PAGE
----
Public health researchers find potential association between police brutality, STI rates

September 12, 2019

Rollins researchers, in collaboration with colleagues from other U.S. universities, have shown a possible link between police killings of black people and rates of sexually transmitted infections (STIs). The research was recently published in BMJ Journals.

“Our study is adding to the growing evidence base that police brutality is not just a human rights issue, it is also a significant public health problem,” says Umedjon Ibragimov, PhD, MPH, research assistant professor at Rollins and first author on the paper. 

The study found that rates of two STIs were higher in metropolitan statistical areas (MSAs) that had more police killings of black people. Specifically, in 2016 each additional police killing of a black person was associated with MSA-level syphilis rates that were 7.5 percent higher among black adults than average. Likewise, each killing of a black person in these MSAs was associated with MSA-level gonorrhea rates that were 4.0 percent higher than average.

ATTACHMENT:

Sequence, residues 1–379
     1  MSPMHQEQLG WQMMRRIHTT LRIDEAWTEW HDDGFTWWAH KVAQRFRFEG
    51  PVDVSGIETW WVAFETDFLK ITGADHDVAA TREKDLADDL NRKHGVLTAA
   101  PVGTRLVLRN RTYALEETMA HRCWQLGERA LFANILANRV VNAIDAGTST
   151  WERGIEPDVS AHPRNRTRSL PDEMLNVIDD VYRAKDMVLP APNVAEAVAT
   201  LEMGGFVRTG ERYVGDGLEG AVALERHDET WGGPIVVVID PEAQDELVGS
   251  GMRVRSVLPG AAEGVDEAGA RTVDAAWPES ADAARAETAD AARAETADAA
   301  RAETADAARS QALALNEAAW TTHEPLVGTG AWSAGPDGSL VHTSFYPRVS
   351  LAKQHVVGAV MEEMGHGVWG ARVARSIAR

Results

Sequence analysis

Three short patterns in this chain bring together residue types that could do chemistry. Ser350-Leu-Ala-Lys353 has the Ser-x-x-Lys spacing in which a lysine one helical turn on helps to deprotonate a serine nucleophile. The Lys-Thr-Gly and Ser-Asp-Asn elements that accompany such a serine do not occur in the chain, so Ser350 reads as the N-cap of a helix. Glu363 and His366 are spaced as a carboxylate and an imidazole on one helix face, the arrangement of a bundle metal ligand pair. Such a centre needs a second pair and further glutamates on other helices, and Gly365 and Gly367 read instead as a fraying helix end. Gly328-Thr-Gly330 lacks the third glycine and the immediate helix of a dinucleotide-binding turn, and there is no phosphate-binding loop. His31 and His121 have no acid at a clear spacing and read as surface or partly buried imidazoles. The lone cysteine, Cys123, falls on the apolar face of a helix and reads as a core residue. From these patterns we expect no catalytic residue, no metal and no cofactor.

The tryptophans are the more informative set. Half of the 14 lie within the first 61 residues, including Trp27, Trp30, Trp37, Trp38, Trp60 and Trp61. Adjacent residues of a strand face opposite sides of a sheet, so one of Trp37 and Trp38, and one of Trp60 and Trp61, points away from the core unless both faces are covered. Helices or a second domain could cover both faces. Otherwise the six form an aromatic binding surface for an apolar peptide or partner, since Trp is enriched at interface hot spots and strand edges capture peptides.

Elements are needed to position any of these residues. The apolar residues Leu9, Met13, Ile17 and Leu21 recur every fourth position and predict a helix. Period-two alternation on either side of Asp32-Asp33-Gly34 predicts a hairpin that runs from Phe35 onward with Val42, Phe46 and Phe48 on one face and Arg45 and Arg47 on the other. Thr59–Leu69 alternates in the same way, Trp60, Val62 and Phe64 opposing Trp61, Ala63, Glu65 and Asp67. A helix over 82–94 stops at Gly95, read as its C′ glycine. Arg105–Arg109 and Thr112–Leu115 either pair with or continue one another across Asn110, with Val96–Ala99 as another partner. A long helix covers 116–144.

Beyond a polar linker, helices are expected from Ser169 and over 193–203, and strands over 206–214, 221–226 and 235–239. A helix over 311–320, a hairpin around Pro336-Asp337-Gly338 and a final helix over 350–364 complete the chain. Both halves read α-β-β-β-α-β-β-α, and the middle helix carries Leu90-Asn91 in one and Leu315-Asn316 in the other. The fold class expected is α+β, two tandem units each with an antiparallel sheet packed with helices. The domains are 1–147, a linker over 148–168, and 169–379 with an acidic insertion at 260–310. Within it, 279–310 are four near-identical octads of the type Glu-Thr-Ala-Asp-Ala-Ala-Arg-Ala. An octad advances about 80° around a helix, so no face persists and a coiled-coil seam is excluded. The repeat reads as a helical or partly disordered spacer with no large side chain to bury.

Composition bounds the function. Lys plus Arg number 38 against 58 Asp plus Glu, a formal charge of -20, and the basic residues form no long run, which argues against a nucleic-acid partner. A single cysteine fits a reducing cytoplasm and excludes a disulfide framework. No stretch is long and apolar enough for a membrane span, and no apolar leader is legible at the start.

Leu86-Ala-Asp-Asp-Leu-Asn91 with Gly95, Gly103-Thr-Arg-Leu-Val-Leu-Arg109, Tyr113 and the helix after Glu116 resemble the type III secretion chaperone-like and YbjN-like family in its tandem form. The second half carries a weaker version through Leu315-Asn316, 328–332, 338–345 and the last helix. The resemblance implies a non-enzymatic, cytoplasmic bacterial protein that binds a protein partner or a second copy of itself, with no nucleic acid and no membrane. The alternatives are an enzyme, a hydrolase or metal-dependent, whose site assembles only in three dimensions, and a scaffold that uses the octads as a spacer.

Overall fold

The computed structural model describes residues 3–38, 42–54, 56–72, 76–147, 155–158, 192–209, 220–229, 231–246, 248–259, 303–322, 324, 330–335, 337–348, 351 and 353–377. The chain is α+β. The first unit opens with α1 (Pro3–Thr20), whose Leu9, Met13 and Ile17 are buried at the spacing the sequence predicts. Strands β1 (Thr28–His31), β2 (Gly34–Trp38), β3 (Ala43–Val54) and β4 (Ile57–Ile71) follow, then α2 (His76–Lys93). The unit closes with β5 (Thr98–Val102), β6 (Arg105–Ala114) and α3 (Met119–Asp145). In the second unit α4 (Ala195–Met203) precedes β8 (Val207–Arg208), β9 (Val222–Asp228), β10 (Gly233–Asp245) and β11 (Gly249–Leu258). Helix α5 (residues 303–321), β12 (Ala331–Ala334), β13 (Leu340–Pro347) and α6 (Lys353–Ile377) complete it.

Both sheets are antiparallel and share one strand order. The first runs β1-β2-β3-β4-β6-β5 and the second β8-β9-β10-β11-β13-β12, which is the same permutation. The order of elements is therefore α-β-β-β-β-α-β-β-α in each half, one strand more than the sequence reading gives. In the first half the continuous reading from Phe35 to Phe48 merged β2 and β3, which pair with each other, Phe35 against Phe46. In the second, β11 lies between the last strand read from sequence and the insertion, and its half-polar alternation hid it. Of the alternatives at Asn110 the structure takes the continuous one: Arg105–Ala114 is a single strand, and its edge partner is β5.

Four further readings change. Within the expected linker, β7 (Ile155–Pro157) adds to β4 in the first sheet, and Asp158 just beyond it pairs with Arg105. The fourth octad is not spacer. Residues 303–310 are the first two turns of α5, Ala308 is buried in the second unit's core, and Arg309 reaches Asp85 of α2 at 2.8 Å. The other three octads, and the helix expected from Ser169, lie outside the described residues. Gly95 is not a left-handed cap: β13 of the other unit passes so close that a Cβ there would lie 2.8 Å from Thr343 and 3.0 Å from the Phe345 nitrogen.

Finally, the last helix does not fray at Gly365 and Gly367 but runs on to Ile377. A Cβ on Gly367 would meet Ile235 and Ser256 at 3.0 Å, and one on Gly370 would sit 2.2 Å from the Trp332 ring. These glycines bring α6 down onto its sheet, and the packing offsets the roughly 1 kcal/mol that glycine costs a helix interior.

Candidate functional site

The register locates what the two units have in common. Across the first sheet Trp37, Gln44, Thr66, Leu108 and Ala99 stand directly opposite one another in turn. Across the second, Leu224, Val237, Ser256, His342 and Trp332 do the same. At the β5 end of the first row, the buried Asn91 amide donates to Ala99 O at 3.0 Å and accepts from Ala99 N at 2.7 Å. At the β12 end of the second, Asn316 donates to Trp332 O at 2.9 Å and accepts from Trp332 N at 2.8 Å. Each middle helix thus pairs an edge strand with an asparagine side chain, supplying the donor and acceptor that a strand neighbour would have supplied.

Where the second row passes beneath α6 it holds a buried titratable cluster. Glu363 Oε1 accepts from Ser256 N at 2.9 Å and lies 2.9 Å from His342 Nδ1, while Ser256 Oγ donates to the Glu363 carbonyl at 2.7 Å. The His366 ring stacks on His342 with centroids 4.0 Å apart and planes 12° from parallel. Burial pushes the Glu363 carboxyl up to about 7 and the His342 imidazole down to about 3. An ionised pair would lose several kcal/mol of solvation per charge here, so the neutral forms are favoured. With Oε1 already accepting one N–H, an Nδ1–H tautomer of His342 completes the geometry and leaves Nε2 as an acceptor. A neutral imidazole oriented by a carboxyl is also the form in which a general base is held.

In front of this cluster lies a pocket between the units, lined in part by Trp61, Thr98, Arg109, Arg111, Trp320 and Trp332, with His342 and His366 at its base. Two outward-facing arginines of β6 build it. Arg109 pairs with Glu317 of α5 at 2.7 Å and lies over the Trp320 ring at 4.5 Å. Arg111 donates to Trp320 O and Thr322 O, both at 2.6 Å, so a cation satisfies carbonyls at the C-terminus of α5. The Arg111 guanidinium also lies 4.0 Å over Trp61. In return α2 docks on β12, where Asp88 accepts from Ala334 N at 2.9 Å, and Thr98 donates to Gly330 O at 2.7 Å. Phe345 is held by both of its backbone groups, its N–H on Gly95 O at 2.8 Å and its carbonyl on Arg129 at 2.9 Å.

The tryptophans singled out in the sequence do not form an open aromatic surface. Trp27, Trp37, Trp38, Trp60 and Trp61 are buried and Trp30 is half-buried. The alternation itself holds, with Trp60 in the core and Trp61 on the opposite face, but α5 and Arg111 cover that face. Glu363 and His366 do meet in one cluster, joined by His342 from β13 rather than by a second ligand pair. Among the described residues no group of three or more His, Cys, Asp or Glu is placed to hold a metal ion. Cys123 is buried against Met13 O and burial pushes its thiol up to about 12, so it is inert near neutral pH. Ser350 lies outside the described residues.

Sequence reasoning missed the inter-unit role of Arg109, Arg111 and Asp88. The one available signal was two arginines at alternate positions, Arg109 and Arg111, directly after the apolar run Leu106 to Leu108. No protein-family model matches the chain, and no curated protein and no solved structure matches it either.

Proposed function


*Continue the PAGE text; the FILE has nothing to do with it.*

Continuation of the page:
Authors stress that findings should be interpreted with caution, and the study design does not allow them to know with absolute certainty that police killings cause increases in STI rates.

Hannah Cooper, ScD, is senior author of the study. Other contributing authors from Rollins include Stephanie Beane and Justin Smith.